Agencies rely on the representations made by offerors in their proposals to determine how capable each offeror is. In many cases, key personnel are so vital to an offeror’s chance of success that any change to the key personnel must be approved by the agency prior to such a change taking place. Logic follows that the risk of losing a possible award outweighs any benefit that may be reaped from stretching the truth. Nonetheless, from time to time an offeror will decide to give it a try, hoping that any inaccuracies will be overlooked, or will simply unintentionally misrepresent a detail. But, as one offeror learned, the possibility of such inaccuracies being discovered is high, and the end result is far from ideal.Continue reading
Agencies often find unanticipated, innovative content in offerors’ proposals. And unsurprisingly, those proposals are often the ones selected for award. But a recent GAO decision reminds us that all strengths an agency assigns must be supported by the stated evaluation criteria.
In other words, the solicitation must thoroughly inform offerors of these evaluation criteria, and the agency must equally evaluate offerors under them. An offeror’s proposal should not get extra credit for proposing things that are not anticipated by or logically encompassed in the solicitation.Continue reading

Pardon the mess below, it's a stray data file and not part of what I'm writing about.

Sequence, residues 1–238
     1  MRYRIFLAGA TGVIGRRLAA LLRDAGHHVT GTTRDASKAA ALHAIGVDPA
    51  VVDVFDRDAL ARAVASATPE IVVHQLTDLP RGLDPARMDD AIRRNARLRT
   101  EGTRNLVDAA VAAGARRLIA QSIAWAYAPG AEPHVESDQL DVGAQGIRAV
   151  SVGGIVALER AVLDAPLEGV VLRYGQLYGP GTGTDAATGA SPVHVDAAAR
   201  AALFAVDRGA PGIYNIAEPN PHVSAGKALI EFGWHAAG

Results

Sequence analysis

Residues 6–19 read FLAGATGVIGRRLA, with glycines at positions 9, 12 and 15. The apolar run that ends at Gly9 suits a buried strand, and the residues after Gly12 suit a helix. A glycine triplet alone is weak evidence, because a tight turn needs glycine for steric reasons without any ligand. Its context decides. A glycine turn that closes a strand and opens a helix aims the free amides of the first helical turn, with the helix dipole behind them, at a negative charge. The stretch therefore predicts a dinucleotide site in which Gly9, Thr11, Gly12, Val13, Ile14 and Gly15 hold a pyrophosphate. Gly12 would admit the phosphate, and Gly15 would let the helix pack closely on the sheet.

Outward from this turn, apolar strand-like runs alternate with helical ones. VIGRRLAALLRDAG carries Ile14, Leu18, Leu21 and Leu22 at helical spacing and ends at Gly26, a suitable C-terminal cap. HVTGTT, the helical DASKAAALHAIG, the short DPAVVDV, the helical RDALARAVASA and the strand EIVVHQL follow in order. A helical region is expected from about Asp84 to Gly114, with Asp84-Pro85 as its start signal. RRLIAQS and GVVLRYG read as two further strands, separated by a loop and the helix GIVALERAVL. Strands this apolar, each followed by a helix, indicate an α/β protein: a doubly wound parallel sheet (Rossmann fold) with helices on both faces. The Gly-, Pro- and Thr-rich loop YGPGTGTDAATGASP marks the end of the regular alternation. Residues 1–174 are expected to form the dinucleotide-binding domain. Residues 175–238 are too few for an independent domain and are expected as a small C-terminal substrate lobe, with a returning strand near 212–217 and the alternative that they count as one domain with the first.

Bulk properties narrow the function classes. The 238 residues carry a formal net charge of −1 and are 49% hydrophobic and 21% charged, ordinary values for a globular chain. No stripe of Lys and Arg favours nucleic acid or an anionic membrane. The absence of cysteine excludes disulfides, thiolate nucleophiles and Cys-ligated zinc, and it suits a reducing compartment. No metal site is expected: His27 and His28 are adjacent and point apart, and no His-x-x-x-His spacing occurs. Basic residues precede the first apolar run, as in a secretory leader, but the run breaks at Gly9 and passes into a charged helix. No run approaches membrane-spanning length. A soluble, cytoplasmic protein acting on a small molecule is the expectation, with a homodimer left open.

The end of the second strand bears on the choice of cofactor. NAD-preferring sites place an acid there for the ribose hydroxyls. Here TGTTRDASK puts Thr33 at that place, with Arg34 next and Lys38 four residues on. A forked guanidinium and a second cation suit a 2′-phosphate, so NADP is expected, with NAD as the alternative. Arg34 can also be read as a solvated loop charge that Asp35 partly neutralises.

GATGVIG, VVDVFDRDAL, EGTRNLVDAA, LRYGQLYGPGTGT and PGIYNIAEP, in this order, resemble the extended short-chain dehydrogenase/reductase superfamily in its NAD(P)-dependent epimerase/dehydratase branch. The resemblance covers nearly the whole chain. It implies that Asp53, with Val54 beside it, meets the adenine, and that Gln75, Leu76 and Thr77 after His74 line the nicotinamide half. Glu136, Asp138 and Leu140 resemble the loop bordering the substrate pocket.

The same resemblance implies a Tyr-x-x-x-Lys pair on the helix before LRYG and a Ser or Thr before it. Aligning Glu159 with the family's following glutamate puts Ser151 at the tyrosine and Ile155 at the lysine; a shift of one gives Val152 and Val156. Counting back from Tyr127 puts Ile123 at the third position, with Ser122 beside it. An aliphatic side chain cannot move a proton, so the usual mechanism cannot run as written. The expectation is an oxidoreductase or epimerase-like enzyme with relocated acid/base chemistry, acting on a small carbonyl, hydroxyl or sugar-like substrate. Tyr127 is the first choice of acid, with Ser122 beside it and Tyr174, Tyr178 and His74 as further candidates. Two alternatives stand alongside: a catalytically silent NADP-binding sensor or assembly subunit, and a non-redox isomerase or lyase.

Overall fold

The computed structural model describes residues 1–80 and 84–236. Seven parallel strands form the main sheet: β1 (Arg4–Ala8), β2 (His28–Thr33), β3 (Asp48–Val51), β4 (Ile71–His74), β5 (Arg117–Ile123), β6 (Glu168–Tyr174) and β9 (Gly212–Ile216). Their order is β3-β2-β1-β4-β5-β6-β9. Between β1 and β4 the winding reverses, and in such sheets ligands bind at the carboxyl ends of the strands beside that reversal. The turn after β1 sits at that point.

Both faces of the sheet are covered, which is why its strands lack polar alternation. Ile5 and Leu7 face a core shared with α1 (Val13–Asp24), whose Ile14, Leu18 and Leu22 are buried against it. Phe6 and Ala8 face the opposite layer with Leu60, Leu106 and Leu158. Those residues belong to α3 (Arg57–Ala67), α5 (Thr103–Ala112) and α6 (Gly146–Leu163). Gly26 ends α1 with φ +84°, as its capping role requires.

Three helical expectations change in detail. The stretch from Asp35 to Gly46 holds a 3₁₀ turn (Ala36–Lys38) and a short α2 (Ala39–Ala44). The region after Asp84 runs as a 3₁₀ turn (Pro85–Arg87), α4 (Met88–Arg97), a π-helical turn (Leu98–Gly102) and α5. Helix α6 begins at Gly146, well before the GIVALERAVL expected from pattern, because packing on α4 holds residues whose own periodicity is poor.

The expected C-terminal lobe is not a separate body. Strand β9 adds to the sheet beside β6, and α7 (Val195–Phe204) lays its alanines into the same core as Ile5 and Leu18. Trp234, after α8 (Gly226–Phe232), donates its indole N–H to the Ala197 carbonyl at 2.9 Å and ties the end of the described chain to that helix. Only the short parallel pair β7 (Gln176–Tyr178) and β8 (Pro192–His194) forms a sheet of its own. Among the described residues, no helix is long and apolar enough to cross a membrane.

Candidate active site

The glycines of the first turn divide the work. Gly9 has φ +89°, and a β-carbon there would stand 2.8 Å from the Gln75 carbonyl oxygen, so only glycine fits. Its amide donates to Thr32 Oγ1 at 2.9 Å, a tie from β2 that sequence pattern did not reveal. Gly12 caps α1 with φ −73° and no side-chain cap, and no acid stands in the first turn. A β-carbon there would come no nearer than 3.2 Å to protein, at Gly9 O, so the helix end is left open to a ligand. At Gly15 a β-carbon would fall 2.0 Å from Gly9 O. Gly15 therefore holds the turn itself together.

Strong working relationships between contractors and contracting officers are a significant asset. For example, the Customs and Border Patrol recently relied heavily on its experience working with the incumbent contractor to “infer” proposed technical approaches and award corresponding strengths. Unfortunately, when this award was subsequently protested, GAO did not agree with the Border Patrol’s inferential technique.
As GAO explained, a reviewing agency may not credit a bid with technical strengths that are not present within the proposal.Continue reading
In a best value acquisition, the final decision is typically made by a Source Selection Authority. But what happens when the SSA disagrees with the ratings assigned by the evaluators, such as a Source Selection Evaluation Board?
The SSA has a good deal of discretion, but that discretion isn’t unlimited. In a recent decision, GAO sustained a protest where the SSA’s disagreements with the SSEB didn’t appear to be reasonable.
In its evaluation of proposals, a procuring agency gave a challenger a strength for proposing to recruit incumbent employees, but didn’t give the incumbent contractor a strength–even though the incumbent contractor proposed to retain the very same people.
Unsurprisingly, the GAO found that the evaluation was unequal, and sustained the incumbent’s protest.